Grad students developing GPS project for visually impaired

A GPS-based project would help blind students travel easily around college campuses.

At 356 acres, California State University, Northridge (CSUN) can seem like a mini city where one can easily get lost without a map. If you are blind or visually impaired, finding your way about the campus and its more than 100 buildings can be daunting without a guide.

Graduate students Robert Sweetman and Trudy Bowden-Callahan, both earning master’s degrees in assistive technology, are hoping to change that.

The pair received a $20,000 grant from the Ethel Louise Armstrong Foundation to develop a global positioning program that would not only help blind and visually impaired students navigate the CSUN campus, but provide them with information about what’s inside the buildings they are passing, as well as what lies ahead.…Read More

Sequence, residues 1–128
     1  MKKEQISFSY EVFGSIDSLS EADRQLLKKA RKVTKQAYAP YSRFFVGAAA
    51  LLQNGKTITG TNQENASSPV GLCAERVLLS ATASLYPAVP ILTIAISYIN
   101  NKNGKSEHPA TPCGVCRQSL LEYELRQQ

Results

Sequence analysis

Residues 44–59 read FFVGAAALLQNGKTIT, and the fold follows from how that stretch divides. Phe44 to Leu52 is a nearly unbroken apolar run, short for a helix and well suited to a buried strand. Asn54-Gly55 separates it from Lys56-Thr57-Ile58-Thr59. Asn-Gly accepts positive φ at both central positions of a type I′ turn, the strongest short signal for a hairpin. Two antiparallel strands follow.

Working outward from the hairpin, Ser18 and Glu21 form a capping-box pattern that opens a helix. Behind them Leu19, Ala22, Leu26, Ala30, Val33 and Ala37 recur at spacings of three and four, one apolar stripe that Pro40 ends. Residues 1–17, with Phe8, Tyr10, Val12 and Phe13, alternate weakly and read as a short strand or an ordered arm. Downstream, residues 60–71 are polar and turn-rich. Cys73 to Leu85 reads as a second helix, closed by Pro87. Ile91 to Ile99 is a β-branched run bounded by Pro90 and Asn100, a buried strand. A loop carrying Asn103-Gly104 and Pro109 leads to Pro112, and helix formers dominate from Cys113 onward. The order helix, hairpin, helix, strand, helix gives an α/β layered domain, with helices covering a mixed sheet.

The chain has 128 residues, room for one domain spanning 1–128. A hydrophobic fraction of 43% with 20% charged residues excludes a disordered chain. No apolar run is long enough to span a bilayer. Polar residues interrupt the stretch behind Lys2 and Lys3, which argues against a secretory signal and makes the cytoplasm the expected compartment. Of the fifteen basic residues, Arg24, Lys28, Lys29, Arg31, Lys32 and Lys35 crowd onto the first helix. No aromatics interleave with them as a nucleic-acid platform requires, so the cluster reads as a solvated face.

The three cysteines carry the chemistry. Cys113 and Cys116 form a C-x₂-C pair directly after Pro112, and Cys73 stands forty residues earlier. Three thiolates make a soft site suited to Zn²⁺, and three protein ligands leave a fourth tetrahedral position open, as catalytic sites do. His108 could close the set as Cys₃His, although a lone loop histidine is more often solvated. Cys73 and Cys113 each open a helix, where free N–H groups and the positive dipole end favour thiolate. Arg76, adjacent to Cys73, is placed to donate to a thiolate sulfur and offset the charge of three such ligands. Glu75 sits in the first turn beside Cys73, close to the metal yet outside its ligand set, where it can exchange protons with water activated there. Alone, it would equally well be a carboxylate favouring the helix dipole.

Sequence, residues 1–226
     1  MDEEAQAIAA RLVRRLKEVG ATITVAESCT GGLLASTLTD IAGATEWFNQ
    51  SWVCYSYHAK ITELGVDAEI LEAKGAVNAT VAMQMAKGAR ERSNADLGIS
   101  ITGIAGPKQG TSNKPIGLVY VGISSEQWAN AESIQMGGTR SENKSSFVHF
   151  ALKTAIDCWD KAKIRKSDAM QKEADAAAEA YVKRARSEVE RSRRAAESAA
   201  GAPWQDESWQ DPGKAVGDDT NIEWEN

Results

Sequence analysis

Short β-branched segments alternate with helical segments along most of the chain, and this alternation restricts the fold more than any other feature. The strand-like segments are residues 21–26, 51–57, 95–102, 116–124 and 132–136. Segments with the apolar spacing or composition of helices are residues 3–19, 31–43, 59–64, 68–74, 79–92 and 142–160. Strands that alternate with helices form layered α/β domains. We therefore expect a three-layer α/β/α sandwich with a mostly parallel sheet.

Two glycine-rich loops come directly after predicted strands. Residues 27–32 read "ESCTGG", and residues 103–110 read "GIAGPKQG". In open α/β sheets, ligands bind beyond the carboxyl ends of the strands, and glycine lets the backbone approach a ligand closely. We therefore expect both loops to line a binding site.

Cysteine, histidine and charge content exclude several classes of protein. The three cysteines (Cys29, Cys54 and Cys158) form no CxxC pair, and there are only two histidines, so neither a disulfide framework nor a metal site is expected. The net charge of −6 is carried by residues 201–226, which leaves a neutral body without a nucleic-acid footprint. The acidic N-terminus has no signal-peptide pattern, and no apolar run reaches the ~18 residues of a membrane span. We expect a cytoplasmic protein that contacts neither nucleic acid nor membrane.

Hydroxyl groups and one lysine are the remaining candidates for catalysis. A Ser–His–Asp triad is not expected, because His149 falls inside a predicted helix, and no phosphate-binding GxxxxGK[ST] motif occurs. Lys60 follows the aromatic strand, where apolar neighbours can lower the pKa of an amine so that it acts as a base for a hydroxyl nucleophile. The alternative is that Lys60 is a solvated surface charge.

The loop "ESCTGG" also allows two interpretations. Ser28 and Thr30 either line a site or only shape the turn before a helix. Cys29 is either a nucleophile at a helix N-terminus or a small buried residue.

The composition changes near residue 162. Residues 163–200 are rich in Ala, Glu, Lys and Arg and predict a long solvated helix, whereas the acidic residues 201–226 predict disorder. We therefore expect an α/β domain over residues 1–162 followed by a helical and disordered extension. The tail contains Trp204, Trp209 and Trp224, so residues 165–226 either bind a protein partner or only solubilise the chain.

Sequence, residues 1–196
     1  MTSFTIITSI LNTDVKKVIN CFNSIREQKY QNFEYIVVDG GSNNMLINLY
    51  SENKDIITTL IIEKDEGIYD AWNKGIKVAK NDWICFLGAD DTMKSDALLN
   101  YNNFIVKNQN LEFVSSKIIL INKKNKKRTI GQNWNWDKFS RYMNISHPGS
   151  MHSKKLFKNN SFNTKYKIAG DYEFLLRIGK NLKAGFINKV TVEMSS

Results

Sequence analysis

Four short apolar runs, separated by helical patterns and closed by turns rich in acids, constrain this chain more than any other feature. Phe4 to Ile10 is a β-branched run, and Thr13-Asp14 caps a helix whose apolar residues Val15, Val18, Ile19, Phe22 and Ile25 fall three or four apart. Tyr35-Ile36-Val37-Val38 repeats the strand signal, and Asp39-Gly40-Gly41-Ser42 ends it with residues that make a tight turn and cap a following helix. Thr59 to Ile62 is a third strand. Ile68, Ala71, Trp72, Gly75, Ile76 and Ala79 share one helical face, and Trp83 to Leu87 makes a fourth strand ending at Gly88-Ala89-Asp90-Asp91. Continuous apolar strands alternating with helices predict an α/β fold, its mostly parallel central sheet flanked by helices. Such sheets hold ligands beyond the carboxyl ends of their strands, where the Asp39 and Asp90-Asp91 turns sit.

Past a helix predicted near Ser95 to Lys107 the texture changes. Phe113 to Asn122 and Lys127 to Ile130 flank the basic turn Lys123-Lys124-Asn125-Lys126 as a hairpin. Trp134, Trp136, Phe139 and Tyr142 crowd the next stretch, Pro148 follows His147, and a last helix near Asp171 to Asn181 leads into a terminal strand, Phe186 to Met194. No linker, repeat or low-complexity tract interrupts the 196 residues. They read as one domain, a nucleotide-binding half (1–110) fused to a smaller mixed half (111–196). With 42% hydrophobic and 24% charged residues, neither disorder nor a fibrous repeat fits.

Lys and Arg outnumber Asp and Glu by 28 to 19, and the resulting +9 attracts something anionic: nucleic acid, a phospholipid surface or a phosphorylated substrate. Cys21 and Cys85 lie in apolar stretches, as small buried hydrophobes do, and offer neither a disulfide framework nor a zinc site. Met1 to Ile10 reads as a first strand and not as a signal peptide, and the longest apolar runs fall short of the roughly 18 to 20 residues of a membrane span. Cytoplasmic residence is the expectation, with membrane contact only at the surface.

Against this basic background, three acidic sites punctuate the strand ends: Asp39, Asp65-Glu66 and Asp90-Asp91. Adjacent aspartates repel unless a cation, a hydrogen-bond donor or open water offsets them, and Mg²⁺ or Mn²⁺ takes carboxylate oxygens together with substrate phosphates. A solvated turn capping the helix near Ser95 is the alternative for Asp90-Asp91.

How to grow campus technology amid shrinking resources

Baker led CSU Northridge's conversion to Gmail, which saved the university $160,000 annually.
Baker led CSU Northridge’s conversion to Gmail, which saved $160,000 annually.

Being an IT official at a California university today requires a close look at any measures that can save the campus cash. But Hilary Baker, vice president for IT at California State University Northridge, has found ways to maintain—and even improve—technology services despite massive statewide budget cuts.

Baker, who came to the Northridge campus in 2006, said budget planning has taken on new significance during the country’s economic slump as university technology officials brace for a 5-percent budget cut this year and another 5-percent reduction next year.

“They probably are worse than any of us thought they would be,” Baker said, adding that open IT positions will be left unfilled this year as a cost-cutting measure.…Read More